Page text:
Sustainability_HealthSafety_ManagingIncidents_25052016

Incident reporting

PanAust has a strong health and safety incident reporting culture. The Company’s Group-level Incident Reporting and Classification Procedure is aligned to the Mineral Council of Australia’s guidelines for tracking and reporting health and safety statistics. The investigation and management of significant incidents (that is, actual or potential controlled incidents and/or actual or potential influenced incidents) continues to be managed by PanAust’s Senior Management Taskforce for Significant Incidents, comprising Operational Executives. The taskforce is responsible for ensuring that the Group-wide implications of significant incidents and any emerging safety concerns are given full consideration. This approach ensures that findings and recommendations are shared across the business where similar activities occur or where different activities with similar risks occur and are not limited to the incident and personnel who may have been affected by it.

PanAust’s reportable lag statistics include controlled sites and are work-related activities where PanAust can set safety, health, environmental and community standards and directly supervise and enforce their application. The statistics include contractors who are working on PanAust controlled worksites.

Categories that are tracked, but do not form part of externally reported lag statistics include influenced, monitored, and uncontrolled sites. These categories are subject to normal duty of care and consideration. Influenced activities receive additional attention through contractor management and lead indicator programs. Each category is outlined below. 

Categories of control

Controlled (reported internally and externally)

All work conducted by employees, visitors, consultants and contractors on an active PanAust owned or leased site including operations, private easement and exploration sites irrespective of whether PanAust or the contractor provide direct supervision of the work activities. (PanAust sets standards, has a high level of workplace visibility, provides oversight, and monitors the outcomes).

All locations external to a PanAust owned or leased sites where PanAust employees directly supervises or conducts work.

Influenced (reported internally but not externally unless material)

Work conducted in either public or private locations, external to Controlled sites where PanAust influences the contractor’s standards, but requires the contractor to have sufficient management structures and systems in place to directly supervise the work to an agreed standard (outlined through the contract). The contractor’s work at these sites is undertaken exclusively on PanAust’s behalf.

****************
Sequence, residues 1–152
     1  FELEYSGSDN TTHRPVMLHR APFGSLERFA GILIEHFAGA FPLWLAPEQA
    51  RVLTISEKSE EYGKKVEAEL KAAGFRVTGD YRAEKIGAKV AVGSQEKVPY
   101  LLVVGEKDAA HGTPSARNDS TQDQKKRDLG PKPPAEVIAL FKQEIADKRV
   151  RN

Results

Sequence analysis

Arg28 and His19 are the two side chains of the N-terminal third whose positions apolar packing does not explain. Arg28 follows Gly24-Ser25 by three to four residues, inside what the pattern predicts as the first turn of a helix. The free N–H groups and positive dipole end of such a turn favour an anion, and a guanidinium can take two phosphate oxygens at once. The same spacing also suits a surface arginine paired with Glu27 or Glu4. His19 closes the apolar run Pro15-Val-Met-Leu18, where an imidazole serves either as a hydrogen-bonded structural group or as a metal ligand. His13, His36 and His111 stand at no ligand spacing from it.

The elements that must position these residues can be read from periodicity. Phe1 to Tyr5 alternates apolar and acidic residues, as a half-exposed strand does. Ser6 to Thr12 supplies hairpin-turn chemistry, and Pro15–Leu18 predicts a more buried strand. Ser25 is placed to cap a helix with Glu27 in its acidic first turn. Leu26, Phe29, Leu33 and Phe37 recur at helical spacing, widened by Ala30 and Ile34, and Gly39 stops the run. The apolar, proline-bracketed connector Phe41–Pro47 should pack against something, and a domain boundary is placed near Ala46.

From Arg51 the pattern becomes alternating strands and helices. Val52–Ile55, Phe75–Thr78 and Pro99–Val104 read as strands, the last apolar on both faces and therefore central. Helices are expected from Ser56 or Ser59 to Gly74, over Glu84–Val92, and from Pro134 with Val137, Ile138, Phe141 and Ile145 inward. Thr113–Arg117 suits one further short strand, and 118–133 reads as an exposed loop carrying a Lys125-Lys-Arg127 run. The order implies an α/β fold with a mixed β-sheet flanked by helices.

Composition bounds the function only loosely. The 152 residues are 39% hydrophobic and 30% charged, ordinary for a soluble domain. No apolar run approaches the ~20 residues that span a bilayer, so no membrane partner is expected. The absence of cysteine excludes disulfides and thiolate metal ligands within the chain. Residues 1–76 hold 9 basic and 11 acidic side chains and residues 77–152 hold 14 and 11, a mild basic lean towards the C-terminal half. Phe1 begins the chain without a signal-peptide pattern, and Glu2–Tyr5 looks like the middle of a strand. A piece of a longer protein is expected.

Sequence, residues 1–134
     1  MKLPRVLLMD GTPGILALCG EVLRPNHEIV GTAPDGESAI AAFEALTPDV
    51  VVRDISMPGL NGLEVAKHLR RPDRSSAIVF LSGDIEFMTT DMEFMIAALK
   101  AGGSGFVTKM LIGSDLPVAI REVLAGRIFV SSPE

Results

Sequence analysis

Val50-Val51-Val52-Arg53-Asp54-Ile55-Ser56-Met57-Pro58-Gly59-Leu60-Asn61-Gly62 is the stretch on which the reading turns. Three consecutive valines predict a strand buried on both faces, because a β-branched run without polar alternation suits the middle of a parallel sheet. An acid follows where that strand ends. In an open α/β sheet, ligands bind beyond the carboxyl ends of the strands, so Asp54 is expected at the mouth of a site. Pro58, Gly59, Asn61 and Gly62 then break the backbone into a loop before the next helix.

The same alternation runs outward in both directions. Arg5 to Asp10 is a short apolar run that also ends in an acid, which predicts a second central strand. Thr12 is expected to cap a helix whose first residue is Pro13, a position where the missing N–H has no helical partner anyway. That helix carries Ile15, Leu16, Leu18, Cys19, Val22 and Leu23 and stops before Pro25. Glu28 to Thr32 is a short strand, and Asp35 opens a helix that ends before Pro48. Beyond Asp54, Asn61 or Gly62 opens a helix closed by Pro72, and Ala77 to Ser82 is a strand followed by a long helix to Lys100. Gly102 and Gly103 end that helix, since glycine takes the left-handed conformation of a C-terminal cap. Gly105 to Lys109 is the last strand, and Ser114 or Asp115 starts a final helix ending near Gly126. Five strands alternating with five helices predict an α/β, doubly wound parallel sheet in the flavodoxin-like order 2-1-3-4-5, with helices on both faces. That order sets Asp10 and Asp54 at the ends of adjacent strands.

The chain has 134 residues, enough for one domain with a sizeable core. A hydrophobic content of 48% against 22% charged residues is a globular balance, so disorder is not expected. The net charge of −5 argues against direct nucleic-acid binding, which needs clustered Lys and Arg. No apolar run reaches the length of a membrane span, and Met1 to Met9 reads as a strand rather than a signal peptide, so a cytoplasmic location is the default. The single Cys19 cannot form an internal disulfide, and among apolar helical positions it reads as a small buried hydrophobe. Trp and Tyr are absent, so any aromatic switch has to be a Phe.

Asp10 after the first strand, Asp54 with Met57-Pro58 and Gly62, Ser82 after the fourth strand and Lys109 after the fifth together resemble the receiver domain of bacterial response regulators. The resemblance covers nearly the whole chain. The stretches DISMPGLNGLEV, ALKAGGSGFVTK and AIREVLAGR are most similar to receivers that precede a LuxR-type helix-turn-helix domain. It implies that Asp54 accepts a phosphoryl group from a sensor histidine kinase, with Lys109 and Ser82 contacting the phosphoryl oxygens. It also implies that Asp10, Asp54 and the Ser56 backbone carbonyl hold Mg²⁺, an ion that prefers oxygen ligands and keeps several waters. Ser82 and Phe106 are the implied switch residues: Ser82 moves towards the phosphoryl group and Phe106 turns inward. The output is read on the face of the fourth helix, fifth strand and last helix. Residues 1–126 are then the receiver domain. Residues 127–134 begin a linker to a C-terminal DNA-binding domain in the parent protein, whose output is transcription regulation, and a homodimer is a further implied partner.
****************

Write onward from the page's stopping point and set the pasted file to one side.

A work site is designated as influenced where a higher risk exposure exists (either to PanAust or the public), and the reputational exposure is too great to consider the contractor as monitored.

Influenced worksites are provided additional oversight through regular auditing and by PanAust managers’ (the designated contract owners) visibility in the workplace to ensure the work practices being implemented consistently addresses the nature of the risk the contractor creates for PanAust.

Monitored (reported internally but not externally)

Work sites in either public or private locations, and external to Controlled sites where PanAust monitors the contractors performance, but requires the contractor to have sufficient management structures and systems in place to directly supervise the work to an agreed standard with minimal Contract Owner presence is considered monitored.

Offsite work may be designated as monitored where a lower reputational risk exposure exists, or where a tier one contractor performs the work.

Uncontrolled (not reported)

Activities where PanAust has no influence (regular public transport services) beyond the ability to select the provider based on its performance.

Unexploded Ordnance

Between 1964 and 1973, approximately two million tonnes of ordnance (explosive weapons) were dropped on Laos; an estimated 30 per cent of which failed to detonate. This has resulted in approximately 78 million potential unexploded ordnance (UXO) remaining. UXO continually hinder daily life and pose restrictions on the socio-economic development and safety of local residents, employees and contractors in Laos. In high-risk areas where there are plans in place for exploration and future mining activities, significant additional planning and lead-times are incorporated into Company programs to ensure the thorough identification and safe disposal of UXO.

UXO is not prevalent at the Phu Kham Operation and there is a reasonably low-level presence at Ban Houayxai. At Phonsavan where the KTL project is located, the Company requires stringent clearance procedures to be adopted prior to working in the field. When UXO clearance is required, international experts who are registered with and accredited to Lao National Standards are contracted to conduct this work.

Details of PanAust’s health and safety performance during each calendar year are published in the ‘Health and Safety’ section of the Company’s annual ‘Business Review & Sustainability Report’.